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Amie Martin

November 2014

Amie Martin photo

  • Home Community:
    Chemawawin First Nation
  • Cultural Identity:
    Swampy Cree
  • Current Position:
    Aboriginal Education Learning Specialist Brandon
    School Division
  • Education/Training:
    Bachelor of Teaching
    Bachelor of Education
    Masters’ in Education (pursuit) Level 1 – School
    Administrator’s Certificate
    Level 2 – Principal’s Certificate
  • Roles/Responsibilty:
    Provide expertise, knowledge,
    and support to schools for the education process of all students regarding the significance of indigenous Aboriginal culture, values and history
“If you become discouraged in life, seek those who have the knowledge, experience and support to help you bring back the dreams you had before.”

What obstacles did you face and how did you overcome them?
To find out whom I am, where I came from and who I am today? My journey began when I was a young girl, born and raised on a Reservation. My belief back then was not promising. I thought I was destined to live on the Reserve, in poverty, lack of employability skills and poor education.

I attended school only until middle years because we did not have a High School. I could have attended school off the reservation but my parents were totally against it, I believe this choice was based on my age and the experience my mother endured while she was in a Residential school. She felt what had happened to her was going to happen to me.

Eventually the time had come to make my own choices and I choose to leave the Reservation, head to the nearest place to continue my education. I enrolled in an adult education program which I completed successfully and returned to the Reservation shortly thereafter. The yearning to pursue a career as well as receive a good education was still there, and it took a huge effort to finally make this happen.

When I began University, I took a few introductory courses to aid me in preparing for a teaching profession. This decision came with many challenges and obstacles that I had not expected to encounter and therefor I struggled. I was lonely and felt isolated in this new environment, which included a different culture, language and very unsettled times.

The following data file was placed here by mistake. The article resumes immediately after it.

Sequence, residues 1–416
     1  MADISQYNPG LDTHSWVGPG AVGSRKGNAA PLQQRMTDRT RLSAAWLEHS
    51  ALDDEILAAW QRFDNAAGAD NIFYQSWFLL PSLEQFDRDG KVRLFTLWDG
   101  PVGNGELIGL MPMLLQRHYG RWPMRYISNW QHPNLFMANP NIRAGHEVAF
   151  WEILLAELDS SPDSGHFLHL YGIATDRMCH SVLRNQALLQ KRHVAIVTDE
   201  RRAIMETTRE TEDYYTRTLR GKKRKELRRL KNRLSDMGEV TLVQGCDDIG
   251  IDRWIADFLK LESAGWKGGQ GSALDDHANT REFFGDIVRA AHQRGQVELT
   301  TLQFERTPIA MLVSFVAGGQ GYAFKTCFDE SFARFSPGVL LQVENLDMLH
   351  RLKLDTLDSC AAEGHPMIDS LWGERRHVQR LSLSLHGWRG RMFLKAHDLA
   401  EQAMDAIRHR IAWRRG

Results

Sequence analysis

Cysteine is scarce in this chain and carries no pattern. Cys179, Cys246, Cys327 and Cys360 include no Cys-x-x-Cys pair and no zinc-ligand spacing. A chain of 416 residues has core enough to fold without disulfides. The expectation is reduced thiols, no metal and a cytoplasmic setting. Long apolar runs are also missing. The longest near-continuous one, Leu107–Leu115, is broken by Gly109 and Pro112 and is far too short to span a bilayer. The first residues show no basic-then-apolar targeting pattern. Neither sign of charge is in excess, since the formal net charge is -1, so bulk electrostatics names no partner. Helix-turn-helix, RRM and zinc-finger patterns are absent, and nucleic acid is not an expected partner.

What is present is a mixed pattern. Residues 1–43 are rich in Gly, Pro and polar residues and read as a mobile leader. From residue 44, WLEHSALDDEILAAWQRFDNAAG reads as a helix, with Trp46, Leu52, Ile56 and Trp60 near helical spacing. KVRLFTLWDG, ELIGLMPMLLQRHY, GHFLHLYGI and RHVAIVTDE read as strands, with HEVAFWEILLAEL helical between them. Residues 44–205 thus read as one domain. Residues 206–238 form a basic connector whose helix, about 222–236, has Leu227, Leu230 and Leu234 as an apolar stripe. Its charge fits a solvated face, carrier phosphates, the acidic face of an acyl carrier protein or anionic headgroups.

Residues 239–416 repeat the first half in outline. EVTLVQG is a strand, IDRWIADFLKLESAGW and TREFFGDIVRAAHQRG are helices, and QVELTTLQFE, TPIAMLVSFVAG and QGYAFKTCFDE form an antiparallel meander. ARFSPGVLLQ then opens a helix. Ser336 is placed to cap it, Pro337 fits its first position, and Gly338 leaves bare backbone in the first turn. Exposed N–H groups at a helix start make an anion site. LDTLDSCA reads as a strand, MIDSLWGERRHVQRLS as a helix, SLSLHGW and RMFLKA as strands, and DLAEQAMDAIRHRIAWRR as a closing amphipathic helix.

The language gave me the most problem because it was a second language.  I wasn’t sure that I could handle it. I was frightened that I would say the wrong words, convey the wrong meaning so I remained silent for the first three years. Those difficult experiences gave me the motivation to continue to strive forward.  I came to understand that the struggles I faced were there to help me build the skills, tools and strength I needed to fulfill the dreams and aspiration I had set for myself from when I was young girl.

What or who inspired you to really go after the profession you are in now?
While studying at the university I made connections with certain positive individuals. It was their encouragement, understanding and support that gave me the courage and strength to believe in myself and have the ability to find solutions to overcome the jagged edges that were embedded in some of my obstacles. I had been side tracked over and over again, many times arriving at the same place only to be forced to begin again. My life journey was not supposed to be smooth. I left home to search for my future and found it. I am now a proud Indigenous woman who has learned to continue to walk forward no matter what. I held out my arms to embrace those wonderful people, for they are a significant part of making me who I am today; in the fullness of my destiny, a future of well-learned and well lived.

It was not long ago that I received the 7th Annual Maria Ross Memorial Award in recognition of my hard work, commitment and advocacy for First Nations Community Education. This was one of the greatest honors bestowed upon me.

What critical choices or decisions did you make that helped you get where you are today?
I have been a professional educator for 36 years. I have committed myself to working with Aboriginal communities. I have become a pillar in my community, and strived to provide the best education possible to my people.

Message of Encouragement:
One has to be strong in body, soul and spirit - to be proud of who we are, where we came from and what we can be; to survive in today’s society. If you become discouraged in life, seek those who have the knowledge, experience and support to help you bring back the dreams you had before. Stand straight, focus with straight eyes, know that you are not alone, grow past of all self-doubt and follow the footsteps of the wise. Your journey will be worth it as much as mine.